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Premier is following a well-established supermarket playbook

2014-12-05 - Alec Mattinson, Adam Leyland
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The real surprise about Premier Foods’ demands for payment from suppliers is not that the company is doing it, but that it’s suddenly in the spotlight. Newsnight covered it last night. The Daily Wail shrilled: “Mr Kipling’s exceedingly murky plot to blackmail suppliers.”

And Radio 4’s Today programme saw John Humphrys debate the ethics with shadow business minister Toby Perkins.

But the practice is nothing new. It was first revealed by The Grocer 18 months ago , with Premier requesting these “investment payments” in July 2013 as part of the streamlining of its supplier pool.

And while it was quite unusual to see a supplier using these tactics, as we said at the time, the practice reminded us of what the supermarkets had been doing to suppliers for years, with its demands for lump sums and veiled threats if the investments were not paid.

The actions were a product of the modern UK grocery market, where margins had been squeezed to historically low levels and companies looked to pass on costs down the supply chain to protect what profits they have.

The fact this story has resurfaced can only mean that Premier Foods is trying the tactics a second time.

Again, that’s not entirely surprising. If it worked the first time, a supplier - like a supermarket - would be mad not to try again. And especially since the supermarket price war has intensified pressures on those suppliers that, like Premier, are heavily exposed to the big four.

One leading retail CEO said today: “This is all about pressure from the big four. What happened was they’ve come into Christmas, sales are depressed, and they are having to do the whole thing again.

“It’s why everyone is so gloomy right now. They’re putting pressure back up the supply base. Any supplier with a conventional model that’s closely linked to the big four is going to be finding it very tough.”

Just last week, accountancy firm Moore Stephens found the number of industry insolvencies rose 22% in the year to October compared with a 8% fall in total UK liquidations.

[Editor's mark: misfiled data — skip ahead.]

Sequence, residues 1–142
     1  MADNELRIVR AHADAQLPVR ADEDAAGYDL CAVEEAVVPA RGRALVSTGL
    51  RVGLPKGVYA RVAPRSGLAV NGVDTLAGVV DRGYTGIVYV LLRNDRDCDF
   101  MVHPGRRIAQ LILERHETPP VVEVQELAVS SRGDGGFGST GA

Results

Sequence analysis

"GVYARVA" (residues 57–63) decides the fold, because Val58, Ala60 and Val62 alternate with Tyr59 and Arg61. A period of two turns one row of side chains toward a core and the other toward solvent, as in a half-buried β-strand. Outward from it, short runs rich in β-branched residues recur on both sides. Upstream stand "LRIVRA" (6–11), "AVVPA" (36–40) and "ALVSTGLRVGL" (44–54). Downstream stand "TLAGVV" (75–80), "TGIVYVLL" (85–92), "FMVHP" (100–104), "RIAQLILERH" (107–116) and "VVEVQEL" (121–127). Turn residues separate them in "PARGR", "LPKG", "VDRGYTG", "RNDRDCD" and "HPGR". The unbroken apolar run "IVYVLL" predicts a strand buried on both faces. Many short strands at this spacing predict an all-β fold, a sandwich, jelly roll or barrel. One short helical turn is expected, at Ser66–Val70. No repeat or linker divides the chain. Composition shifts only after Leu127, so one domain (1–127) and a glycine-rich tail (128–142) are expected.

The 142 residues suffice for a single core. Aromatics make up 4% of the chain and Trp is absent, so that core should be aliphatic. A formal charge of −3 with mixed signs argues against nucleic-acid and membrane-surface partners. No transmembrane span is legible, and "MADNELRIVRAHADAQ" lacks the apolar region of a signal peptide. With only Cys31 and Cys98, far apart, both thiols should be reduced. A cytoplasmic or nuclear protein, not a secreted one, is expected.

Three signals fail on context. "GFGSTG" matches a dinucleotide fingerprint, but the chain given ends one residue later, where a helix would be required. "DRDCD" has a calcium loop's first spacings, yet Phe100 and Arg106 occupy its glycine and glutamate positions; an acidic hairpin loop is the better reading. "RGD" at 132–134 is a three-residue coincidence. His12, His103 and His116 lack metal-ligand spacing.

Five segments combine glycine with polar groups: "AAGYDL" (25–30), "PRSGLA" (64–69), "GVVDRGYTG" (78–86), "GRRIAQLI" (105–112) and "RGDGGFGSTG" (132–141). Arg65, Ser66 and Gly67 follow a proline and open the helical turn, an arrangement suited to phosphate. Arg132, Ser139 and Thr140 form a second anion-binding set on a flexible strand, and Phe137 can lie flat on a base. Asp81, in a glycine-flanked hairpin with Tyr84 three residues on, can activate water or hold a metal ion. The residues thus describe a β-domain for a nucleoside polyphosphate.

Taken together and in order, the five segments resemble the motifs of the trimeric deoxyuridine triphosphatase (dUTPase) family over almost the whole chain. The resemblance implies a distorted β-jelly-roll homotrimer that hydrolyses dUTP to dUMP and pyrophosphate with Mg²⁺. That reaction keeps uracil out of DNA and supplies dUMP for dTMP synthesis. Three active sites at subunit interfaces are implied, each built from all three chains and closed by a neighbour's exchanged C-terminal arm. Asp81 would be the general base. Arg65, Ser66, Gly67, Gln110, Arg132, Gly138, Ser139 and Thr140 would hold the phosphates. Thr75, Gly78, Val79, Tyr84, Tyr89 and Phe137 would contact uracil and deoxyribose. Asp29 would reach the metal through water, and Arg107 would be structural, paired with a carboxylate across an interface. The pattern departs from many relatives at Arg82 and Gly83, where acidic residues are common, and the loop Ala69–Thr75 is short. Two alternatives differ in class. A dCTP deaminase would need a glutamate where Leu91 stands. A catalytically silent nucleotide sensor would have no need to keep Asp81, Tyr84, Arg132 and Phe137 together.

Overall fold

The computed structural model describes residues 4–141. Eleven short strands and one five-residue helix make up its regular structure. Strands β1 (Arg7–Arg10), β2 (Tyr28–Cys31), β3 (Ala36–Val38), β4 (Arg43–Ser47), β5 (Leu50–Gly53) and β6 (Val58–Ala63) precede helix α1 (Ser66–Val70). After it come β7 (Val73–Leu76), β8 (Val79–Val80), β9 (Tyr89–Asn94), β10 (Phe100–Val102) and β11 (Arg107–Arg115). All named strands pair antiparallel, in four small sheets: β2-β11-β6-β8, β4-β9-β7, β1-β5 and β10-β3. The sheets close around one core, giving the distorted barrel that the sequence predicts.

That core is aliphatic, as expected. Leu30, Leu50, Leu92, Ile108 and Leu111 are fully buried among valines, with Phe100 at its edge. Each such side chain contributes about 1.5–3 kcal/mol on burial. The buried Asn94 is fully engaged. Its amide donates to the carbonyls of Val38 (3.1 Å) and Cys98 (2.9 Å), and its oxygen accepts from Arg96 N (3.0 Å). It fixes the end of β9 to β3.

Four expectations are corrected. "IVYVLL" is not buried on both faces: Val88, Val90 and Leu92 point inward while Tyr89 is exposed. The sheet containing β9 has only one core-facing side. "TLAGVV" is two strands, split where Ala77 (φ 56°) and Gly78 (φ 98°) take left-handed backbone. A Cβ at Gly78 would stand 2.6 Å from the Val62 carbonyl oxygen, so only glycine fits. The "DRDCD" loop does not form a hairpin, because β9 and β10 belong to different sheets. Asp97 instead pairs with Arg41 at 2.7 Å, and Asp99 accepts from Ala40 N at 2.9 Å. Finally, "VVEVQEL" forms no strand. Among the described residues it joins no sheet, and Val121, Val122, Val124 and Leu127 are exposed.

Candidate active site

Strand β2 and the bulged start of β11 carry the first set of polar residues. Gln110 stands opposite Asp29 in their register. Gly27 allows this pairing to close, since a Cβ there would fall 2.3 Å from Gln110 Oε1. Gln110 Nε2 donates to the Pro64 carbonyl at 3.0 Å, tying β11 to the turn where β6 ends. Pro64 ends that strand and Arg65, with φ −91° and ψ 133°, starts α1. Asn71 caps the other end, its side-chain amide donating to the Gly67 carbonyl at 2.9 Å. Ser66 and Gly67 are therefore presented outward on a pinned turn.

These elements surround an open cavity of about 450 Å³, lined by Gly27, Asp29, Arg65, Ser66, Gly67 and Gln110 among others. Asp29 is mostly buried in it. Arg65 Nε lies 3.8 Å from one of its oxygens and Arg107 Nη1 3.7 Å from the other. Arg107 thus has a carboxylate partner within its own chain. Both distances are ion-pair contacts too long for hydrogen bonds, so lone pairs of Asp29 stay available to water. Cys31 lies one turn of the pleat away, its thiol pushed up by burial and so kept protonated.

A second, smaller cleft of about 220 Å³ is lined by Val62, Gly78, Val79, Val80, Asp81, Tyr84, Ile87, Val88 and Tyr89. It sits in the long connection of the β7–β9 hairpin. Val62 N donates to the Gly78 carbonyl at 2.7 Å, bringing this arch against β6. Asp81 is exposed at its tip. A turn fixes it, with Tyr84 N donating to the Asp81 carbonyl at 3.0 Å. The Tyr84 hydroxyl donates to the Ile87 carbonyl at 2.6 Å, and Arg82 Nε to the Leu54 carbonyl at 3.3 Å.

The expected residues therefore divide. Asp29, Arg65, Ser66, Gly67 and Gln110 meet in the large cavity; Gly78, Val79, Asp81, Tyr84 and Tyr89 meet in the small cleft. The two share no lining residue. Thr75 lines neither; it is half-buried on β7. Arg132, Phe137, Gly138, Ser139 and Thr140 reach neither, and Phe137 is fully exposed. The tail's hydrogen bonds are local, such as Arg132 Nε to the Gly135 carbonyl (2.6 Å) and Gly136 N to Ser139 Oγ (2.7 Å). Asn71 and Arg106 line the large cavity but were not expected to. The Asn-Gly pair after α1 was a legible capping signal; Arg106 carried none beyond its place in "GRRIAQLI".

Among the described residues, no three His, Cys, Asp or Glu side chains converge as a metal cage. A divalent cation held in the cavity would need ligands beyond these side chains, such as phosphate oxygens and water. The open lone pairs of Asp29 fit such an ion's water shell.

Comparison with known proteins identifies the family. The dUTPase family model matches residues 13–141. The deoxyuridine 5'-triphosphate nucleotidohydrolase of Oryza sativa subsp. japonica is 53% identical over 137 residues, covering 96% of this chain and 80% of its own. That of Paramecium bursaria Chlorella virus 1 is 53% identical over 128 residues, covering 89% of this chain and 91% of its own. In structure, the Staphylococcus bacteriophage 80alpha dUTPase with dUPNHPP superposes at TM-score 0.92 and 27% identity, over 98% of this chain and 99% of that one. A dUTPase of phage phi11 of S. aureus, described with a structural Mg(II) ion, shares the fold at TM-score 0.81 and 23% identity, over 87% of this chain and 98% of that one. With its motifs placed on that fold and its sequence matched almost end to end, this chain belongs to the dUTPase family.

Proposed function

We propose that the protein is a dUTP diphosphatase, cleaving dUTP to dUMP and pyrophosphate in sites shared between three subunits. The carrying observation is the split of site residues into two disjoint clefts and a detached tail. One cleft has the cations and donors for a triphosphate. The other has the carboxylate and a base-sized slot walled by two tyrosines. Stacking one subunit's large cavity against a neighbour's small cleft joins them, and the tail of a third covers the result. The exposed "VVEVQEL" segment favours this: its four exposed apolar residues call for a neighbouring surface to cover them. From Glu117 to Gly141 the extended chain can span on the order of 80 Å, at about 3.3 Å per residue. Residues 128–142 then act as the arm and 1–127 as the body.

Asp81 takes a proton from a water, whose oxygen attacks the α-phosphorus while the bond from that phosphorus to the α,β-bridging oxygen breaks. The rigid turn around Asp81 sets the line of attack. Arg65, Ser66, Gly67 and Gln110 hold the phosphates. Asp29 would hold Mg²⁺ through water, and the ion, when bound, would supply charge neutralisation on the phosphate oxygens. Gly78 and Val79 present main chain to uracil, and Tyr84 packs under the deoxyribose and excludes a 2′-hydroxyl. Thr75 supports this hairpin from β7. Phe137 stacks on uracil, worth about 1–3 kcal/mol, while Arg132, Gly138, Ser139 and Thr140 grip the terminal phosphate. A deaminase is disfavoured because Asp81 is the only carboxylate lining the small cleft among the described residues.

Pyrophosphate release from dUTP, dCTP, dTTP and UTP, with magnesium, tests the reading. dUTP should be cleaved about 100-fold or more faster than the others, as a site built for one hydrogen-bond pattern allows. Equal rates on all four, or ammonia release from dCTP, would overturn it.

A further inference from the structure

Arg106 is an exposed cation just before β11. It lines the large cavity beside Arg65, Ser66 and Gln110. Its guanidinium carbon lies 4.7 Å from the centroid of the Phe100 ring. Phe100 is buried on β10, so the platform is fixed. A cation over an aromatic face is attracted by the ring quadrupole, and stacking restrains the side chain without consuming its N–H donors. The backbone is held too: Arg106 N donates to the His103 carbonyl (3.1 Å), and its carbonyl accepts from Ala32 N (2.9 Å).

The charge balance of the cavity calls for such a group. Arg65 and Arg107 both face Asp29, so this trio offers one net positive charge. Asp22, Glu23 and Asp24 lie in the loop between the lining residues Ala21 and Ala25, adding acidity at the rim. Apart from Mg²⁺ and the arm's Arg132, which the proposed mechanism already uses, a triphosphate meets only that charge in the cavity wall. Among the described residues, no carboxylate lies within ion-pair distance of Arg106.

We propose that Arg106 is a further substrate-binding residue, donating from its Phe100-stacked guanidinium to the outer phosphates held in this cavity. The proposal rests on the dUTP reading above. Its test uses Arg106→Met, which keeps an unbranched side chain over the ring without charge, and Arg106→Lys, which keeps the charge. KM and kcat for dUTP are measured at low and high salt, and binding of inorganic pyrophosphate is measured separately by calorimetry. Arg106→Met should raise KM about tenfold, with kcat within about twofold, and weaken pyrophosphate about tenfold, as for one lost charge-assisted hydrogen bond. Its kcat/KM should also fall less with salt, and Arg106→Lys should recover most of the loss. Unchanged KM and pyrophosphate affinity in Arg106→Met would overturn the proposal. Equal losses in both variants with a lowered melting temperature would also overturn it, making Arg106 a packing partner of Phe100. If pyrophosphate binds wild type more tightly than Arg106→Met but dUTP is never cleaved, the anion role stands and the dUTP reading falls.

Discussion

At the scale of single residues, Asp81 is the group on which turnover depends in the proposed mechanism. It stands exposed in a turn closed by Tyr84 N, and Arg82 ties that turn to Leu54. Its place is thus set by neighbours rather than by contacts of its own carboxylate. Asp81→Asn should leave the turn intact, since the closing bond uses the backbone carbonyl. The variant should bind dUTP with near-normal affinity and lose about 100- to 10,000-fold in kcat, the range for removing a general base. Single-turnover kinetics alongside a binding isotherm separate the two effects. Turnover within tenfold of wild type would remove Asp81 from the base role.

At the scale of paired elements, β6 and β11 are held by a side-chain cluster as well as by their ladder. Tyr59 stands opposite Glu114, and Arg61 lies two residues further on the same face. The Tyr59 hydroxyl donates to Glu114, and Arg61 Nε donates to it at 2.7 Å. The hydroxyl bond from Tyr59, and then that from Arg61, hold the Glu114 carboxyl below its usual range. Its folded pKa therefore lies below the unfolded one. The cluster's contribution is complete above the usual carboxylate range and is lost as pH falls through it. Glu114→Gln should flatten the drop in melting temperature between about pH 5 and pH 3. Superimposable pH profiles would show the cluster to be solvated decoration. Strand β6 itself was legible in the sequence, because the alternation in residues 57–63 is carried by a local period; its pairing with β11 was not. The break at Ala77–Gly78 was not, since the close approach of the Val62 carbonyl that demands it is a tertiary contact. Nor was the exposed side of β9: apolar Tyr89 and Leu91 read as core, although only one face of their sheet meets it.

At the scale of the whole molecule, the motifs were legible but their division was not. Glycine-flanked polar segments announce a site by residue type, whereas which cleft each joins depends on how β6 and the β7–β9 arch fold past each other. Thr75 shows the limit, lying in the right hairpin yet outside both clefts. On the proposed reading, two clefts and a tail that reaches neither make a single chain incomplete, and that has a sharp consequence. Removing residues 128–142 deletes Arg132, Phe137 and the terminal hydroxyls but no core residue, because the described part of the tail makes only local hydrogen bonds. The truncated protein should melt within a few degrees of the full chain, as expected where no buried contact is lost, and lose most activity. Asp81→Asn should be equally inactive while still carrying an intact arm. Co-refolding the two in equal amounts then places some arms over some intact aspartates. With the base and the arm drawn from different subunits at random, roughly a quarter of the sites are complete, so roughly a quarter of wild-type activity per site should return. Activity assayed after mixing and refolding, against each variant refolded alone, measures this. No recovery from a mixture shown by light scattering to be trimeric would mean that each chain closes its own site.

Premier Foods itself has suffered too – with its share price crumbling by 73% so far in 2014 and sales of its key “power brands” falling by 5% in the first nine months of the year. and this was before the mild start to the winter.

Given this scenario, it’s not a huge surprise Premier is looking for extra cash wherever it can find it.

So is it fair? And is it legal? The shadow minister on the Today programme suggested that the practice contravened GSCOP. So if the supermarkets are not allowed to, he reasoned, suppliers should not be allowed to either.

But Toby Perkins is wrong. Not only is it perfectly legal, it also does not contravene the voluntary Groceries Supply Code of Practice.

So move along, nothing to see here? Not quite.

First, the more suppliers act this way, the more likely it is that a legislative “cure” for the issue will be sought. The Government is said to be taking the issue “very seriously” and Perkins told The Today Programme that Labour would seek to outlaw companies charging to stay on their supplier list.

Given the raft of different ways grocery firms currently find of doing effectively just that, it could be a long and messy process.

Secondly, the impact on Premier itself could last far longer than the media storm.

David Sables, CEO of Sentinel Management Consultants argues: “Procurement departments of the suppliers are usually nice people who need to understand how to be tough and punch their weight, but we’d never guide them to this.

“This is an initiative from the top of Premier Foods and it makes them as bad as Tesco. Premier will be sorry they asked for this ‘investment’ now.”

Premier Foods has made huge strides over the past couple of years in solidifying its business and balance sheet – now, unless it’s happy to be one of the sector’s ‘bad guys’, it faces a similar battle to rebuild its reputation.

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